While reading Choose Yourself last night, something clicked and I suddenly spotted the connections between conversations I've had with publishers, teachers and workshop-holders.
First conversation: I was working with a book publisher a few months ago (on her business) and she despaired that her authors seem unwilling to take charge of their own book marketing. They seemed to believe that after she agreed to publish their book, they were off the hook for all marketing and sales. I was flabbergasted, because every author, no matter the size of the publisher, is responsible for their own book's success. All of the New York Best-Selling Authors? They hire publicists (like this guy, who wrote a great book) with their own money. Being chosen with a publishing deal does not guarantee your book will sell.
Second, and seemingly unrelated, I was talking to the Studio Manager where I held my workshop “Create + Market Your Craft Class”. She despaired that teachers expect her to do all the marketing to fill their class. I was flabbergasted, because if you want a full class, you have to spread the word to your audience, which is full of people likely to take it! (How to do this was half of what my workshop covered.) Being chosen by a venue does not guarantee your class will fill.
So as I was reading Choose Yourself, I realized that the connection between these stories is that people worked hard to be chosen by a publisher or a class venue, and then they thought their work was over. They thought that being chosen was the point, that it provided all the validation they needed. They thought the Chooser (the publisher, venue, gate keeper) would suddenly swoop in and do all the hard work of making their creation a success.
But this isn't how it works.
There's not a point in your creative work where you get to sit back and stop marketing.
(Remember: marketing = every communication with your customer.)
Sure, after you build a community of raving fans, you can shift your focus to serving them beautifully (instead of pursuing new people)…but you have to keep showing up with your best work, and you have to keep talking to them. (Which, by the way, is exactly what you do in order to get fans.)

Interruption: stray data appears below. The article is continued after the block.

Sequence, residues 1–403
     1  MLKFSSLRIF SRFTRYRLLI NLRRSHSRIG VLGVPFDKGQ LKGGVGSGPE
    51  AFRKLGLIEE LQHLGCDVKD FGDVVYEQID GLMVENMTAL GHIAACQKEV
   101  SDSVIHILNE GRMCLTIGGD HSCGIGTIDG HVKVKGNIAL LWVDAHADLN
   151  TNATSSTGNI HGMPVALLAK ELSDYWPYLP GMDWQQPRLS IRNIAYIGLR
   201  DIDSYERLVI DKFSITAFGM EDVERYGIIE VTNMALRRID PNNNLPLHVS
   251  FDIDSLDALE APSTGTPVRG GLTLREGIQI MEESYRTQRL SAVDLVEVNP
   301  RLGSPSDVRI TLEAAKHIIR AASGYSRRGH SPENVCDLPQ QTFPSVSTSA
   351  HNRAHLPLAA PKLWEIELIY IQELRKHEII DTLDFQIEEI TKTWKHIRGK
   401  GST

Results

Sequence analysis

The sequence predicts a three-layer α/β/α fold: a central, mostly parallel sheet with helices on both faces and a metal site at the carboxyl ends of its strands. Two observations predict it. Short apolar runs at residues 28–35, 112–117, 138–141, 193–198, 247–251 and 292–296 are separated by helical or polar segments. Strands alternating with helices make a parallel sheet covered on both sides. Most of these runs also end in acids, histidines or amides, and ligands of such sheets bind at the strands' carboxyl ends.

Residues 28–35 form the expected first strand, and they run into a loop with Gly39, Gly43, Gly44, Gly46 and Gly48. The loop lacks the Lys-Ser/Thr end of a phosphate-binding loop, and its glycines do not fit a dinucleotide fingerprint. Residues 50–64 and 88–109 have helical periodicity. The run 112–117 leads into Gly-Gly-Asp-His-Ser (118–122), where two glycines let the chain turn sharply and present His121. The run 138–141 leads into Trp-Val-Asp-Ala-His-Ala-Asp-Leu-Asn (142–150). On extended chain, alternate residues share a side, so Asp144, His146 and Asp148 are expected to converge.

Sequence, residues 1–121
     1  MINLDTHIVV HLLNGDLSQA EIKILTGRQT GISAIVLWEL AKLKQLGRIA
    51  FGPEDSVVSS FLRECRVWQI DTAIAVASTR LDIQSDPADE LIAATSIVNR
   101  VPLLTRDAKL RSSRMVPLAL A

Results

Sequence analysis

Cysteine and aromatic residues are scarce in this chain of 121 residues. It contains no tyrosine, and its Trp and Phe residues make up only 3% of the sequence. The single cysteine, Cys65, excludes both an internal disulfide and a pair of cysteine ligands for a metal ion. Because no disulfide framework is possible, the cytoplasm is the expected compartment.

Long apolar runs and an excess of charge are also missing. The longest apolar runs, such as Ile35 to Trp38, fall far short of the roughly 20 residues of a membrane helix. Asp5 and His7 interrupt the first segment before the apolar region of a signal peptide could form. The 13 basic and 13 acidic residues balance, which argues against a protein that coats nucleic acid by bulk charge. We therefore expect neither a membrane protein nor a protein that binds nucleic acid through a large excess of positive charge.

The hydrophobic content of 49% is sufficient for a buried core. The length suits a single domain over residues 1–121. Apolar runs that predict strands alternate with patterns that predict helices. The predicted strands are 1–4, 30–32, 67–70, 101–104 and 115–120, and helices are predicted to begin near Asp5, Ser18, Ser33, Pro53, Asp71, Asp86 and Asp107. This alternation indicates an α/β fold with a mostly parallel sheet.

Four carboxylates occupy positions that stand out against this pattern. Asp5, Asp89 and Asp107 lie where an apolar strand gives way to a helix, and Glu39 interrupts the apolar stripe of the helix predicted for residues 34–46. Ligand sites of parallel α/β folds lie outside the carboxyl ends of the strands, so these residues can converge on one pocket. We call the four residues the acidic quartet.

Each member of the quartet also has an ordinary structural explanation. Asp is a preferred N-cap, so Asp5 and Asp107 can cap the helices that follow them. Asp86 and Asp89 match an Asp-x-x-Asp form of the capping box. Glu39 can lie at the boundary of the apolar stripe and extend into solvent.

If you're holding out hope that you'll suddenly reach a point where you can stop reaching out, communicating and connecting, you're missing out. You're ignoring the most valuable asset you have: the lessons you're learning as you grow. You're missing what your customers are telling you they want right now. And you're only going to be disappointed, because you never are going to reach that imaginary point of success.
I've had clients and students that had massively huge online followings, that had mutiple-book deals, that sold thousands of dollars in products each month. And each of them still, long after the “success” came, continued to communicate with their customers on a regular basis.
No matter who chooses you (press, publisher, customers) you have to keep choosing yourself, doing the work, over and over every day.
This is actually brilliant news (although if you've been telling yourself you hate “marketing” you may think otherwise), because it means that you have the power. You have the power to make an impact with your book, class, product. You don't have to wait around for anyone to recognize your genius. You can start today, and instead of looking forward to being done, you'll create a sustainable system that can last years.
Have you been waiting around for someone to choose you?
(Or for the chooser to do your work?)